Friday Night Music: "600 Pounds of Sin"
TweetWeek: June 22, 2013

Noted for June 22, 2013

  • Rich Lowry: Who Mitt Romney Is:: "Romney… is… someone who overhead some conservative cocktail chatter and maybe read a conservative blog or two, and is thoughtlessly repeating back what he heard and read."
  • Thoreau: The undiscoverable country?: "I’ve mentioned before that there are certain parallels between the fiziks situation today and that of 120 years ago:  We have theories that work amazingly well for all known interactions in the regimes where we can do observations of those interactions.  We can’t necessarily unify those interactions, and there are a few phenomena that we don’t know how to fit into those frameworks, but our theories work really well for a lot of technologies. Of course, at the end of the 19th century we had theories that worked pretty well for a lot of things and enabled a lot of technologies, and nobody had any idea that working out the equilibrium of matter and light would lead to transistors. The analogies with the end of the 19th century are hopeful, because they suggest that we could be on the cusp of a revolution that will yield technologies beyond our imagining. However, it has been pointed out to me that the experimental observations required to test theories of fundamental interactions are now (mostly) vast undertakings with industrial-scale energy consumption and teams of thousands.  Even leaving aside funding issues, if the complexity of the requisite observations continues to scale up as it has in the past century, what hope is there for further discovery? It isn’t just about the funding, it’s about butting up against the limits of human intellect and human organization…. Most physics professors  today could not sit down with a sophomore and explain the math and logic that underlies the conundrums facing theories of fundamental interactions, and why this is such a hard puzzle.  Most of us can and do explain to sophomores the basic problems that led to a need for quantization and relativity, and we do this with real math. We can get them pretty close to the core issues.  However, for the problems that stymie studies of fundamental interactions today, most of us outside of specialized circles have only the most basic understanding of the issues, and we certainly can’t explain it to students. How are we to bring talent to bear on these problems?  More importantly, if the only way to understand the problems is to first absorb a vast amount of specialized knowledge and skills, and in the process absorb a lot of perspectives and assumptions, how does one bring fresh perspectives and novel ideas into the mix?"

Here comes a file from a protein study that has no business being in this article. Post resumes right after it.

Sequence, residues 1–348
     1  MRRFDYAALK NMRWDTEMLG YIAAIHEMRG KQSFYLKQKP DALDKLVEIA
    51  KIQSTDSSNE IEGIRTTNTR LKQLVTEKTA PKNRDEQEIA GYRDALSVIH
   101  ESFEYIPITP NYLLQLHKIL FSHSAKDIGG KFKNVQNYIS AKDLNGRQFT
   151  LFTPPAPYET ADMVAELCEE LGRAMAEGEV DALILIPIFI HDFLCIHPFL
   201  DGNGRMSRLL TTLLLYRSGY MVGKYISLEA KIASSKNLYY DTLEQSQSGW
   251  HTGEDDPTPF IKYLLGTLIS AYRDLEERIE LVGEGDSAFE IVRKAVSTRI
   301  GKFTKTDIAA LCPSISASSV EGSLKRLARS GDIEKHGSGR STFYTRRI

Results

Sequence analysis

• Jennifer Ablan: The housing proposal that won’t die: "One of the biggest economic stories this year has been the recovery in U.S. home prices. But for the more than 11 million homeowners stuck with a mortgage that’s worth more than the value of their home, it has felt more like being Bill Murray in the movie Groundhog Day. The housing crisis may be over for Blackstone, Colony, American Homes 4 Rent and other deep-pocketed investment firms snapping up foreclosed homes with cheap money courtesy of the Federal Reserve, but for many Americans they are still living with it some five years later. So maybe that’s why  a controversial idea of using the government’s power of condemnation to seize and restructure distressed mortgages in order to provide debt relief to struggling homeowners  just won’t go away, even though many think it’s unconstitutional and bond investors have rallied to savage the proposal."

  • Mark Blyth:

Dean Baker, Gerald Epstein, and Robert Pollin (1998): Globalization and Progressive Economic Policy | J. Bradford DeLong: The Second Great Depression: Why the Economic Crisis Is Worse than You Think | Counterparties | Ricardo Hausmann: The Logic of the Informal Economy | James Kwak: Want To Reduce the National Debt? Find More Workers |